Thu, 3 July 2008
Hello from the Land of the Midnight Sun!
It's Rena in the wilds of Alaska. A big thank you to everyone who has shown us tremendous support during our debut month. We continue to be humbled and honored by the positivity that keeps coming our way!
I have some terrific news to share. I am a panelist at the upcoming Filipino-American National Historical Society Biennial National Conference taking place on July 3-5 here in Anchorage. Three things make this event even more sublime: I will be sharing the panel with my very own mom, Maria; I've returned to the land that raised me; and our presentation is scheduled on my birthday, July 3rd. In the presentation entitled, "Building a Culture of Harmony and Peace Within a Filipino-American Family," we will be discussing the joys and the challenges of reconciling two cultures in one household.
When my mom and I were kicking around proposal ideas to submit for the conference, I told her, "We need to talk about raising Hapa/Filipino-American children in this country. That's what we should be talking about."
"Really?" she said. "Why?"
"Why?!" I sputtered. I was taken aback.
Now, you must understand, my mom has two masters, the first being a Masters of Arts in Teaching Bilingual/Multicultural Education. She developed the scope and sequence for bilingual education grades K-3 for the Anchorage School District. This is the same woman who pulled me out of Catholic school, so that I could don the Filipino "butterfly" sleeves and dance to "Paru-Parong Bukid" at every multicultural fair ever held in town between 1978-1985. I've been living and breathing cultural diversity since I was born.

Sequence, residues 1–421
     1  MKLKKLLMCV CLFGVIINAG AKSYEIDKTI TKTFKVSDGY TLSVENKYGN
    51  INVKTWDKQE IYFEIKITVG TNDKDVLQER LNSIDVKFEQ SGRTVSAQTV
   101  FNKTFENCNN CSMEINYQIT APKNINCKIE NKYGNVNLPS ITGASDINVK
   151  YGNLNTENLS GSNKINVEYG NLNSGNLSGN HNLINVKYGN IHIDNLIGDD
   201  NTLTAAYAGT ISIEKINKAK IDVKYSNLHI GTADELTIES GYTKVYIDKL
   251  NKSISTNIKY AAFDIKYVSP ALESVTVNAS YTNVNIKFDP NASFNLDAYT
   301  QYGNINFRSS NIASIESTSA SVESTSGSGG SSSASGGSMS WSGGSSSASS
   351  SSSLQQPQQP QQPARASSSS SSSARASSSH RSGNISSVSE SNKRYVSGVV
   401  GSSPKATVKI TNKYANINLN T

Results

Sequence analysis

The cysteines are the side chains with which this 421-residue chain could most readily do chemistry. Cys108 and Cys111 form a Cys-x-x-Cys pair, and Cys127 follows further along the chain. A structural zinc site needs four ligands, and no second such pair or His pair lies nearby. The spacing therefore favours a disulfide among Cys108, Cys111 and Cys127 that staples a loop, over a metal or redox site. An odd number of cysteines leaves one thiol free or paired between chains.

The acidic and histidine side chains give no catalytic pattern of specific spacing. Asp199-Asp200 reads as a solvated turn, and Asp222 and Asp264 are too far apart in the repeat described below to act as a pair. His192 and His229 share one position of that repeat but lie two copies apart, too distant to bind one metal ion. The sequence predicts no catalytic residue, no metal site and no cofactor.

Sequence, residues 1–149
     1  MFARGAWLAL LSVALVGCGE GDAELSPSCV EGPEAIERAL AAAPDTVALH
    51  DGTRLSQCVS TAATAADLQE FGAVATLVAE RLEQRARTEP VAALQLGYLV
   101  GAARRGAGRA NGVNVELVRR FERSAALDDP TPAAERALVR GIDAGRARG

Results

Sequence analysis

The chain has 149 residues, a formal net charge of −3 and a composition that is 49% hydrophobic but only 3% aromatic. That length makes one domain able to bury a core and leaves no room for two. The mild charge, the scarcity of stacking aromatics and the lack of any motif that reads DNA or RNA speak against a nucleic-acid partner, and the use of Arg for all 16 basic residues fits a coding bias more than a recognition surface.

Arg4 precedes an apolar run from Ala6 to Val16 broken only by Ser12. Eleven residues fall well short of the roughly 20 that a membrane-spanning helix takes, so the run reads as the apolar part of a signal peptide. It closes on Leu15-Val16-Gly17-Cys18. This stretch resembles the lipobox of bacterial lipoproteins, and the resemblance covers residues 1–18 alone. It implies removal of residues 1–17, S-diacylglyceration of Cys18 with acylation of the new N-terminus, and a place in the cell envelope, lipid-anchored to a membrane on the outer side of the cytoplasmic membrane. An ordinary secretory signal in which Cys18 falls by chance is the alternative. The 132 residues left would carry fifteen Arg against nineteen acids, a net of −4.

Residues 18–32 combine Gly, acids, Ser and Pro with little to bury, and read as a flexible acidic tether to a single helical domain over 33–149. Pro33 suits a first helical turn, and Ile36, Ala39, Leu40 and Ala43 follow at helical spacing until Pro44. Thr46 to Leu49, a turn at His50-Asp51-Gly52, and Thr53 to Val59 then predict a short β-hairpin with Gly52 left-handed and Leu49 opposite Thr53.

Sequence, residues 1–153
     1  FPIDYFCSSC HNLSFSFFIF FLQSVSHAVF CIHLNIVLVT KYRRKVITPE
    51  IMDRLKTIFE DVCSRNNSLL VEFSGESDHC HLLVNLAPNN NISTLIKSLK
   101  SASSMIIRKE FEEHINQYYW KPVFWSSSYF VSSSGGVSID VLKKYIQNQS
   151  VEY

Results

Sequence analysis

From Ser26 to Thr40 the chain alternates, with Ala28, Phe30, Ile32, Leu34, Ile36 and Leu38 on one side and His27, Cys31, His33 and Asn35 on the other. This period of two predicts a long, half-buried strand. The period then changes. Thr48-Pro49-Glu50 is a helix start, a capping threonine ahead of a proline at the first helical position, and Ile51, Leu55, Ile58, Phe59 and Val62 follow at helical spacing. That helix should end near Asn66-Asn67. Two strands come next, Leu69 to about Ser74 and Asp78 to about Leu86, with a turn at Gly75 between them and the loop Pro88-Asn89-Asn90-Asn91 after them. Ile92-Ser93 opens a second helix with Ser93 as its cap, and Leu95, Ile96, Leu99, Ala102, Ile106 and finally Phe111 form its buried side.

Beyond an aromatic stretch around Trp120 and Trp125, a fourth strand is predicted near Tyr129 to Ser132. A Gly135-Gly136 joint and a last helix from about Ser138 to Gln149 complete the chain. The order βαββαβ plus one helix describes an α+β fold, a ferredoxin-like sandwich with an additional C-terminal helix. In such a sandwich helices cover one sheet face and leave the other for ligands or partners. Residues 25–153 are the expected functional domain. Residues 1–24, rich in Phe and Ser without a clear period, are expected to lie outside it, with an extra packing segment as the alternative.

And I'm Hapa.
"Because it's extremely difficult to be raised in two cultures," I said, "especially if you have parents who are not aware of the tightrope you must walk every day, the balance you constantly strive to attain."
It got me thinking of my own journey as a Hapa, a term I've come to love and embrace as the one I choose to describe my ethnic heritage.
The only thing universal about being Hapa is that each experience is unique. It remains the quintessential essence of being multiracial. While you can identify with those who are of mixed heritage, you can't truly commiserate because rarely is one your exact "blend" of ethnic backgrounds. You can lay claim to all and yet lay claim to no one in the same breath. It seems contradictory, a paradox, like being a citizen of the world...with no country.
"Hmmmm..." my mom had said. I think she was playing devil's advocate. I'm still not sure.
If you're interested in learning more about the conference, please go to: www.fanhs-national.org. Stay tuned. Lots more to come!
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Category:blogs -- posted at: 5:44am UTC